Freeman-Sheldon Syndrome is a rare genetic disorder that primarily affects the face, hands and feet. The disorder affects males and female in equal numbers, and approximately 100 cases have been reported since it was described by Drs. Freeman and Sheldon in 1938. Individuals with Freeman-Sheldon Syndrome typically exhibit a number of distinctive craniofacial abnormalities and malformations of the hands and feet. The most distinctive characteristic of this condition is a small puckered mouth causing individuals to appear to be whistling.
Craniofacial Characteristics of Freeman-Sheldon Syndrome
The most obvious and prominent characteristics of Freeman-Sheldon Syndrome involve craniofacial abnormalities, and most individuals with the disorder exhibit a number of the following.
- Small puckered mouth (microstomia)
- Sunken or flat appearance of the middle face (midface hypoplasia)
- Small tongue (microglossia)
- Small jaw (micrognathia)
- Misaligned teeth (malocclusion)
- Widely spaced eyes (ocular hypertelorism), deep set, or crossed eyes (strabismus)
- Downslanting eyelid folds (palpebral fissures) or droopy upper eyelids (ptosis)
- Narrowing of the eye opening (blepharophimosis)
- Short nose and underdeveloped nose cartilage
- Long area between the nose and mouth (philtrum)
- Deep folds in the skin between the nose and lips (nasolabial folds)
- Full cheeks
- Prominent forehead
- Raised mark on the chin in the shape of an H or V
Other Characteristics of Freeman-Sheldon Syndrome
Specific malformations and skeletal abnormalities also affect children with Freeman-Sheldon Syndrome.
- Hand malformations,
- Flexed fingers and thumbs and contracture of the joints.
- Curvature of the spine
- Contractures of the knees, shoulders and hips
While growth and some motor milestones may be delayed with this syndrome, intelligence and cognition are typically normal. Infants with Freeman-Sheldon Syndrome may have difficulty sucking or swallowing (dysphagia). This can result in failure to grow and thrive. Respiratory problems can also result, and speech abnormalities are common.
Causes of Freeman-Sheldon Syndrome
Freeman-Sheldon Syndrome results from a mutation in the MYH3 gene. It can occur randomly(most common), or it can be inherited as an autosomal dominant trait. The abnormal gene can be inherited from either parent. When a parent has the abnormal gene, there is a 50% chance the abnormal gene with be passed on to offspring. In rare cases, the disorder is caused by a recessive gene present in both parents.
The mutation of the MYH3 gene affects a type of protein called Myosin that is found in muscle fibers. Myosin is involved in muscle contractions. The mutation causes reduced functionality of the muscles and bone, leading to abnormalities as the fetus grows.
Diagnosis of Freeman-Sheldon Syndrome
Freeman-Sheldon Syndrome is diagnosed based on the identification of physical characteristics, patient history. advanced imaging techniques to look at the severity of certain craniofacial abnormalities, and electromyography to identify underdeveloped muscles in the hands and feet. Sometimes, the condition may be diagnosed prenatally by identifying abnormalities using ultrasound technology. Most of the physical characteristics are seen at birth, but symptoms do vary.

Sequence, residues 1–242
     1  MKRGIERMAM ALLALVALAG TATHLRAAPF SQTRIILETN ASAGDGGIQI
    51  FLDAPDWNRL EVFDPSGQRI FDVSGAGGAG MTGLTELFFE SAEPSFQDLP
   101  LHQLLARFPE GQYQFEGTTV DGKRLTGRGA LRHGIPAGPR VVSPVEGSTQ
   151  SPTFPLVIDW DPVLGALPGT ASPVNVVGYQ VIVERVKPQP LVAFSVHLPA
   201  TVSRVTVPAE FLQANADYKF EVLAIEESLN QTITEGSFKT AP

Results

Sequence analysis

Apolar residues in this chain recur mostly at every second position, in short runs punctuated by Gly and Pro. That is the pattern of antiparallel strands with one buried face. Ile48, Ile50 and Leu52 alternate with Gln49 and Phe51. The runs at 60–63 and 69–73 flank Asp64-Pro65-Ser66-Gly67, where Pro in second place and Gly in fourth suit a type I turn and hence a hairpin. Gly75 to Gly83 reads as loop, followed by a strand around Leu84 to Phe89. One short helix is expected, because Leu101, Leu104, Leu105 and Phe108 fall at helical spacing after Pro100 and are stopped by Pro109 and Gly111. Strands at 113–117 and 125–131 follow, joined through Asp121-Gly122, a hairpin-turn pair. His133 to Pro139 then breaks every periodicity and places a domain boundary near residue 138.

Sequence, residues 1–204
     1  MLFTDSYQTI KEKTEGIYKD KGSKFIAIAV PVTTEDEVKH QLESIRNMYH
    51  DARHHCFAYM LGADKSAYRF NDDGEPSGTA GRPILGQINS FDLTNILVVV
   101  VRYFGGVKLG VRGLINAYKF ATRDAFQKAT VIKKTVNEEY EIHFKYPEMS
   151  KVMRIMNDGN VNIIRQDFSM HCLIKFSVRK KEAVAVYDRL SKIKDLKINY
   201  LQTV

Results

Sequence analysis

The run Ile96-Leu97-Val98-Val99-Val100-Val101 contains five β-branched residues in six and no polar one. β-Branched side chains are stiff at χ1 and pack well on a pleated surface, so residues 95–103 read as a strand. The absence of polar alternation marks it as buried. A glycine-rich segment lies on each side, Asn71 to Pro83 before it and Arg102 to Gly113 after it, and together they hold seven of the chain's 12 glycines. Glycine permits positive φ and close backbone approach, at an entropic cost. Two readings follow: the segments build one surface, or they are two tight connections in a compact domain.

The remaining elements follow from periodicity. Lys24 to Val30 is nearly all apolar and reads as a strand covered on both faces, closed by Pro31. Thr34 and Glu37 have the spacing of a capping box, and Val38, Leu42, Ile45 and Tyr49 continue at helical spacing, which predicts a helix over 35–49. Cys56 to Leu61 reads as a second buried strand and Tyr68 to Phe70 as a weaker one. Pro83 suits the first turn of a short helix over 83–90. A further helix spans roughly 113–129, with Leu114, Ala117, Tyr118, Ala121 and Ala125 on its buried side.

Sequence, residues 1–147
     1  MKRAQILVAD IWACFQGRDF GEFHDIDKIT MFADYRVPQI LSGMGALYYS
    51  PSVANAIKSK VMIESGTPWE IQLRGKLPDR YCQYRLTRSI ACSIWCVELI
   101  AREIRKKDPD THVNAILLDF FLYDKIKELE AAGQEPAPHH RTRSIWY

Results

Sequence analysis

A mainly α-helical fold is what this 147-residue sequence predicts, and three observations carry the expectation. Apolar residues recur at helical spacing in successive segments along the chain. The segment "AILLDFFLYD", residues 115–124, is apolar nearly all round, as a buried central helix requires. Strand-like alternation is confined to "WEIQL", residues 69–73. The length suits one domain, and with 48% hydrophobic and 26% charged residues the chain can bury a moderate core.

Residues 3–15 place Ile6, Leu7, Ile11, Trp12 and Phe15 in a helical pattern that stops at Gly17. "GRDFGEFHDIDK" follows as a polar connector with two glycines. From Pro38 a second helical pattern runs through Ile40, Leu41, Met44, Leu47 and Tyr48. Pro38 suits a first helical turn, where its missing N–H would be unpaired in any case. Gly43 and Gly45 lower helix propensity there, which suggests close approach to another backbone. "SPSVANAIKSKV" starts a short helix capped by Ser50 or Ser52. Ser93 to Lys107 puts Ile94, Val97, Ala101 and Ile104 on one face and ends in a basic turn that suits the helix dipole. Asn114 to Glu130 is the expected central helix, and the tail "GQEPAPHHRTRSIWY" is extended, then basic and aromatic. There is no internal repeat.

Treatment of Freeman-Sheldon Syndrome
Treatment for Freeman-Sheldon Syndrome requires a coordinated effort by a team of specialists and healthcare professionals. The treatment efforts consist of surgeries and therapies for specific symptoms, and early intervention is essential to ensure that children reach their full potential.
- Craniofacial surgery can improve many of the craniofacial abnormalities caused by Freeman-Sheldon syndrome. Surgery is commonly performed to reshape the frontal bone or increase eyelid opening,
- Orthopedic Surgery can improve hand and feet malformations
- Plastic surgery is often performed to increase the size of the mouth. A device that expands the mouth for a few hours each day is also a common treatment.
- Orthodontic and dental treatments are often needed to straighten teeth and improve oral health.
- Physical therapy is an important component of treatment. When combined with surgery it can significantly impact hand function and the ability to walk.
It is important to note that Children with Freeman-Sheldon Syndrome can be prone to malignant hyperthermia, a condition in which a person does not react appropriately to certain types of anesthesia. Malignant hyperthermia may cause muscle rigidity, high fever, increased acid levels, breakdown of muscle fibers and a rapid heart rate. The condition can be life threatening if not treated immediately.
Please contact the Craniofacial Team of Texas if you would like to schedule an appointment.
If you would like more information about this craniofacial anomaly, please contact the Craniofacial Team of Texas by calling 512-377-1142 or toll free 877-612-7069 to schedule an appointment or complete an online appointment request.